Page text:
Medical records, autopsy reports and death certificates are indispensable in illustrating the cause of death and connecting it to the defendant’s negligence. Additionally, your attorney can collect witness testimony that can offer insights into the circumstances of the incident.

Quantifying damages involves accurate calculation of economic damages such as expected lifetime earnings, medical expenses, funeral costs, and lost benefits, while also considering non-economic damages like loss of companionship and emotional distress.

To substantiate economic and non-economic damages, plaintiffs can use documentation such as bills and invoices and may rely on calculation methods and expert testimonies to support their claims.

Compensation Aspects in Wrongful Death Cases

As we mentioned above, wrongful death cases can include three main types of damages:

  1. Economic damages – These account for the financial losses due to the victim’s death.
  2. Non-economic damages – These encompass losses that are not easily quantifiable, such as emotional and psychological impacts suffered by surviving family members.
  3. Punitive damages – These are rare, but they can be awarded to punish the defendant for their wrongful actions and to deter others from engaging in similar behavior.

Quantifying non-economic damages can be challenging due to their subjective nature and unique impact on each case. Settlement amounts in wrongful death cases can vary significantly without a concrete average, but tend to range from $500,000 to around $1 million. In Missouri, economic and non-economic damages are recoverable in wrongful death lawsuits.

Punitive damages are not awarded in every wrongful death case; they are specifically directed at punishing the responsible party for egregious conduct and to deter future similar behavior.

Calculating Economic and Non-Economic Damages

Economic damages in a Missouri wrongful death case may encompass funeral and burial expenses, medical bills from the deceased’s final injury or illness, and the loss of future income and benefits. To calculate these economic damages, Missouri courts assess the state’s average weekly wage to estimate the value of services and support the deceased would have provided, assigning a standard value to caregiving services if the deceased was not employed full-time.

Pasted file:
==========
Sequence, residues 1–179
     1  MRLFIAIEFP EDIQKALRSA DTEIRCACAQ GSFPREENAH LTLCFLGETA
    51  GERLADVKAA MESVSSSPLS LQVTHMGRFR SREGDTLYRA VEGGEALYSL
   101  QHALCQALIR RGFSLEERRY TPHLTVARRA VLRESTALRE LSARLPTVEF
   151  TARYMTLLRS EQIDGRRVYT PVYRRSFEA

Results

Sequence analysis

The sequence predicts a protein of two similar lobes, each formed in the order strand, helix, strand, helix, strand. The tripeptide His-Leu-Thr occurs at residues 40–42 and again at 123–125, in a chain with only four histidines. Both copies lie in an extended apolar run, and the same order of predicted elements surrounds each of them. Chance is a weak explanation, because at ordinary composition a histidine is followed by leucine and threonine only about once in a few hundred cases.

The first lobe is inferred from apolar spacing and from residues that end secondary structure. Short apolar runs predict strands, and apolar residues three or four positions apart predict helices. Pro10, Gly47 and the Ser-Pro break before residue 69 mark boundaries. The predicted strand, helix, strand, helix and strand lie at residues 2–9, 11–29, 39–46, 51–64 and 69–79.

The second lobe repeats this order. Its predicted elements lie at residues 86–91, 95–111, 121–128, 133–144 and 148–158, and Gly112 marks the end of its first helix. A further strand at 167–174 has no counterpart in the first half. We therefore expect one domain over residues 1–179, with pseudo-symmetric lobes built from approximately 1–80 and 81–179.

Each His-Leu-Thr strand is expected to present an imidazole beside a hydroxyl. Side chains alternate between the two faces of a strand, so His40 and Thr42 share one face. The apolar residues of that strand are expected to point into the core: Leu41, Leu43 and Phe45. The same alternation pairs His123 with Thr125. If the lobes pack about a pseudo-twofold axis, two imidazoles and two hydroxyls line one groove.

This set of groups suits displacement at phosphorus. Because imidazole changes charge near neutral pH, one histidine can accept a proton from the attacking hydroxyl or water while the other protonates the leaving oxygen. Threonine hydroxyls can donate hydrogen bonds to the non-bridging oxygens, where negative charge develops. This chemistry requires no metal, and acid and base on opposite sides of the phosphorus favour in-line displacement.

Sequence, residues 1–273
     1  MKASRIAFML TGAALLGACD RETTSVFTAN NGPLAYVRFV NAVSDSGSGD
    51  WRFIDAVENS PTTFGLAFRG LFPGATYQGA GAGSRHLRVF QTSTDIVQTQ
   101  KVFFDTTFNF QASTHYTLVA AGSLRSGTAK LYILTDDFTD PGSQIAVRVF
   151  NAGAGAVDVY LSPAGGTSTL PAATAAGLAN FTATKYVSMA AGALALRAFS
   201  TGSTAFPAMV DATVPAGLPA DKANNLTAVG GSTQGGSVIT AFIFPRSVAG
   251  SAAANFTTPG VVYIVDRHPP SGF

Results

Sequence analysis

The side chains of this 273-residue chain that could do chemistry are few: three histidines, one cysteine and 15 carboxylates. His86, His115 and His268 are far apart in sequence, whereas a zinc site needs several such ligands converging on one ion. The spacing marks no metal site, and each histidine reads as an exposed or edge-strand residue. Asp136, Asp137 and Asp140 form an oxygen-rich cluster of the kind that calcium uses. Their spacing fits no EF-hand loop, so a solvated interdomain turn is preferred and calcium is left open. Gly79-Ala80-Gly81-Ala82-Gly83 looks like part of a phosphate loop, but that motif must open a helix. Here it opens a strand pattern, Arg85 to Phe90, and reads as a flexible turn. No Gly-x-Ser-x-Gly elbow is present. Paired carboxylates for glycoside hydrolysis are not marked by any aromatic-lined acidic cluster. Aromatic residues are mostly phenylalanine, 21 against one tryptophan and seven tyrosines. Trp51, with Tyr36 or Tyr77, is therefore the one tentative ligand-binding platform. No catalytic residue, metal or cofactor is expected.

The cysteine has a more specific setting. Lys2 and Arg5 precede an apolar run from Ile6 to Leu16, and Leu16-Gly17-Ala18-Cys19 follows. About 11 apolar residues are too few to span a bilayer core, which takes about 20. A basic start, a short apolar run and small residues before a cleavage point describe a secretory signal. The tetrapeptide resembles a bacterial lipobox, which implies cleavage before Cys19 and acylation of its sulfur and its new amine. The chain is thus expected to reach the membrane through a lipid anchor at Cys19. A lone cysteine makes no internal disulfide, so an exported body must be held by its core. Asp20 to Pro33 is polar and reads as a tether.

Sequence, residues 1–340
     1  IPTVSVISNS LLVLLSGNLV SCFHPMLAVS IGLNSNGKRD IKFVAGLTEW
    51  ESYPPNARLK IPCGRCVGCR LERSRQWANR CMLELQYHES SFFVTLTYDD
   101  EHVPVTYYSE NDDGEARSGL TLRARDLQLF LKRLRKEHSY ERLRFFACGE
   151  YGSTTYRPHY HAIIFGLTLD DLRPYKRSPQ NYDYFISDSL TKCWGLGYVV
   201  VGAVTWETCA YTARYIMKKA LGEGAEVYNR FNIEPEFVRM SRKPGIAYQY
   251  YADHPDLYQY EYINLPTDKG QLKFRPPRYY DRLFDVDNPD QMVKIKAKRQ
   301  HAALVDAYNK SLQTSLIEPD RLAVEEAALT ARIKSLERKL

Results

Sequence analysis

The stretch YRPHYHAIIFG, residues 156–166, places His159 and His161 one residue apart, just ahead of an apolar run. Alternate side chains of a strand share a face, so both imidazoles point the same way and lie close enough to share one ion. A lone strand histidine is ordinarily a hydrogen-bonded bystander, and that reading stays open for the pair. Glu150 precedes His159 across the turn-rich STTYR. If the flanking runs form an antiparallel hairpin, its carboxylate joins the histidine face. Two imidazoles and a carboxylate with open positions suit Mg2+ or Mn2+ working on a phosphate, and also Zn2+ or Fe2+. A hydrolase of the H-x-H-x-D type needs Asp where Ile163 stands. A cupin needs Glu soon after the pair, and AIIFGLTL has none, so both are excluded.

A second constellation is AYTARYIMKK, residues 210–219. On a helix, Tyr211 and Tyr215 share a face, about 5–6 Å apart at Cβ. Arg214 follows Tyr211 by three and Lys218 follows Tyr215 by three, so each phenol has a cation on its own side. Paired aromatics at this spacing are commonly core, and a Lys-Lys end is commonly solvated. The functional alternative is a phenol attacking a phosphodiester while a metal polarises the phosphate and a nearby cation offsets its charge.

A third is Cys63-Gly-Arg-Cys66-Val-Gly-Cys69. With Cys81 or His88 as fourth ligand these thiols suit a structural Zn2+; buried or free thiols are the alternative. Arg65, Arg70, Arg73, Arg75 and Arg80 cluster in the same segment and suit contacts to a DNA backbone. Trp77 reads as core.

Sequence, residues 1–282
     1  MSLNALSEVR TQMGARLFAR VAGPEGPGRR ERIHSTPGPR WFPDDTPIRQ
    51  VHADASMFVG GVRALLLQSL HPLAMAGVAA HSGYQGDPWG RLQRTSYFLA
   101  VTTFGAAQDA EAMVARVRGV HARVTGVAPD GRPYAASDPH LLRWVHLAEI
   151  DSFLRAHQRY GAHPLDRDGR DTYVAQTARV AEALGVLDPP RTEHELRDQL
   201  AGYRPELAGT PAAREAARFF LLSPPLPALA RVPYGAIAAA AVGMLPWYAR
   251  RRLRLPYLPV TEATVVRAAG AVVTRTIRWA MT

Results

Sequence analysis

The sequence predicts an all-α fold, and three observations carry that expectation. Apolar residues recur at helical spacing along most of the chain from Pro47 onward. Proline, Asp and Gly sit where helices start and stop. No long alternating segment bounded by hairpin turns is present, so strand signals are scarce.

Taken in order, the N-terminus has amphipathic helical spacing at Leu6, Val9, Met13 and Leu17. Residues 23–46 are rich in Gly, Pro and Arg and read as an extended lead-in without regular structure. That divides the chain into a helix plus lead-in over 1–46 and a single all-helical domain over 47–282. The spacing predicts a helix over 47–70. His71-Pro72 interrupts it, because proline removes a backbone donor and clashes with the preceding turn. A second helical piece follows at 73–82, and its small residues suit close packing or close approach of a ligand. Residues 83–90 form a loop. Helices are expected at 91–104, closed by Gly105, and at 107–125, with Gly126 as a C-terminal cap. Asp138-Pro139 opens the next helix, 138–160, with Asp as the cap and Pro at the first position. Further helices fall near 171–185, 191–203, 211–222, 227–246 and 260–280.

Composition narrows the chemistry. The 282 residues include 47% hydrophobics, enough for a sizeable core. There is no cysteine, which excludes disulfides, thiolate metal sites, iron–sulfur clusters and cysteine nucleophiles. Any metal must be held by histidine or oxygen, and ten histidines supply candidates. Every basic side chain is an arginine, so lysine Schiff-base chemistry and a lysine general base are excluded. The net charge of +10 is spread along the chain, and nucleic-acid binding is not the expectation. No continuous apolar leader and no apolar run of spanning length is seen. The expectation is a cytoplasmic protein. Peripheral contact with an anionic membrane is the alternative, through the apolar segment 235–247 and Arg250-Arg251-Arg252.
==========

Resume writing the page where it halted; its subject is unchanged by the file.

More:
Non-economic damages in wrongful death suits account for the survivors’ loss of:

  • Companionship
  • Guidance
  • Emotional support
  • The pain and suffering of the deceased prior to death

Strategies for Enhancing Your Wrongful Death Suit Chances

A wrongful death lawsuit is a marathon, not a sprint. It requires patience, perseverance, and a deep understanding of the law. But with the right strategies, you can enhance your chances of winning and secure justice for your loved one.

Timely Action and Adherence to Deadlines

Missouri’s wrongful death statutes specify a three-year statute of limitations from the date of the deceased person’s death to file a wrongful death lawsuit. Understanding this timeframe is critical to avoid losing the right to seek compensation and to ensure all evidence is gathered effectively.

Failure to file within the statute of limitations results in lost leverage against insurance companies and the potential for the case to be dismissed without any options for legal recourse. For claims that involve seeking punitive damages in Missouri, a motion must be submitted to the court with supporting evidence no later than 120 days before the final pretrial conference or trial.

Gathering Compelling Evidence and Witness Testimony

Evidence from the scene of the incident, including photographs, videos and physical items, is critical for reconstructing the events leading to the death and demonstrating negligence or wrongdoing. Gathering documentation regarding the defendant’s safety records, employment history, and prior incidents establishes patterns of negligence or misconduct in Missouri wrongful death lawsuits.

A comprehensive investigation for a wrongful death claim involves collecting evidence from medical records, police reports, and consulting witnesses for additional details and evidence corroboration. Proper documentation such as medical bills, funeral expenses, and proof of lost income is essential to support a claim for economic damages in a wrongful death case to ensure fair compensation.

Effective Negotiation and Settlement Tactics